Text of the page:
In time, Rumsfeld emerged as a strong supporter of civil rights, a proponent of greater openness in government and a critic of the Vietnam War. He was among the first in congress to oppose the military draft, arguing for the establishment of an all-volunteer force. His hallmark issue remained congressional reform, which he pursued with typical brashness and determination. He even set a filibustering record in 1968, delaying House action on a bill through an entire night to call attention to reform legislation he favoured.
Despite his prominence in the House, Rumsfeld was unable to obtain the more senior committee assignments he sought, suspecting old guard members of manoeuvring against him. Dans 1969, he jumped to the executive branch, accepting an offer from the newly elected Nixon to head the troubled Office of Economic Opportunity (OEO), a freewheeling collection of anti-poverty programs.
While at OEO, Rumsfeld hired a young Capitol Hill staff aide named Dick Cheney to be his top assistant. The move began a storied relationship that spanned the Nixon and Ford administrations and had major consequences for George W Bush’s presidency, where Cheney, as vice president, became Rumsfeld’s most powerful ally and staunchest defender.
Following Ford’s ascension to the presidency in 1974, Rumsfeld returned to Washington as White House chief of staff – an assignment that placed him at the centre of one of the most wrenching governmental changeovers in US history.
“Clearly, the toughest job I’ve ever had,” he declared in an interview years later. “You had a president who’d never run for the office, who’d never been an executive, who didn’t have a campaign team, didn’t have a platform. And you had a White House that was deemed, unfairly in many respects, not legitimate.”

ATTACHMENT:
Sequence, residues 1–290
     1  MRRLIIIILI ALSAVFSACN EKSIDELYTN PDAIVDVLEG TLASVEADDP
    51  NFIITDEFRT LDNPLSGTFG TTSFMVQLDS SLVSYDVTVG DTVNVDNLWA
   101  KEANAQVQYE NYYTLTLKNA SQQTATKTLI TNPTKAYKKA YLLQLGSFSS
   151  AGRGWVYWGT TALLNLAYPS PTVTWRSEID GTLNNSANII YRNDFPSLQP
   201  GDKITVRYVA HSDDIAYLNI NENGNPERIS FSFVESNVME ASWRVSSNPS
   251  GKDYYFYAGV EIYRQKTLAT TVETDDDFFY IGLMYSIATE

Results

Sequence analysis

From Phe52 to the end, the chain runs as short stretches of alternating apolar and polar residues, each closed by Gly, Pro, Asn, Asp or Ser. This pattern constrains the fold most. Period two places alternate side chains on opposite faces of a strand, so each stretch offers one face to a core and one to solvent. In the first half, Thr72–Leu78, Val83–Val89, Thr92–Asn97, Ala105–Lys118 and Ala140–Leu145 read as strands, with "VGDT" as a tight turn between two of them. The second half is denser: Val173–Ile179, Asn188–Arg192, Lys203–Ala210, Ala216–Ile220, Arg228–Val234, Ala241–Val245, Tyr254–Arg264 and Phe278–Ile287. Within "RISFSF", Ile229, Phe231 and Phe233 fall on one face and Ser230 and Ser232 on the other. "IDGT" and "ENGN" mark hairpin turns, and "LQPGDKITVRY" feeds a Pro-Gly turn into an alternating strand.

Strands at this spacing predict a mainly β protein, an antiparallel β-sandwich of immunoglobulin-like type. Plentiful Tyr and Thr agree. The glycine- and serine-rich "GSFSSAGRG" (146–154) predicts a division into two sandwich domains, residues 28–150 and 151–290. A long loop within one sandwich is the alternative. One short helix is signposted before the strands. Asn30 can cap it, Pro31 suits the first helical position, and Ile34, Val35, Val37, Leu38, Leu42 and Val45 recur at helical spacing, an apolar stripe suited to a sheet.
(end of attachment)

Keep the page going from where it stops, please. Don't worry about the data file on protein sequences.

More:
In late 1975, Ford named Rumsfeld defence secretary, giving him the kind of senior cabinet post he had long coveted. He used his new authority to play up a mounting Soviet threat and press for a surge in US defence spending.
After Ford’s presidency, Rumsfeld accepted a distress call from the Searle family of Chicago to take charge of their giant pharmaceutical firm, GD Searle & Co.
Rumsfeld took an axe to the company, selling off at least 20 subsidiaries, dismissing hundreds of employees and refocusing the remaining elements on several core operations.
Dans 1985, the sale of Searle to Monsanto transformed Rumsfeld into a multimillionaire. He earned millions more in the 1990s when he managed the turnaround of General Instrument, a cable and satellite television equipment company involved in developing HD TV.
Even while in business, Rumsfeld maintained his interest in politics and government, campaigning for Republican candidates, serving on various advisory panels and, in late 1983, accepting a six month post as Reagan’s envoy to the Middle East.
On several shortlists over the years as a possible vice president, Rumsfeld made his own bid for the presidency after the sale of Searle, hoping to succeed Reagan. His campaign generated little financial support, and he withdrew from the race in April 1987.
After leaving government service for the last time in 2006, Rumsfeld established a charitable foundation that focused on supporting military families, micro-enterprises in developing countries and the former Soviet-controlled republics of Central Asia.
Dans un 2011 mémoire, Known and Unknown, he sidestepped some of his own misjudgments and took to task a number of others – the CIA, the State Department and the Coalition Provisional Authority – for their errors in the invasion and occupation of Iraq.
Donald Rumsfeld, politician and former secretary of defence, née 9 juillet 1932, décédés 29 juin 2021
Matt Schudel contributed to this report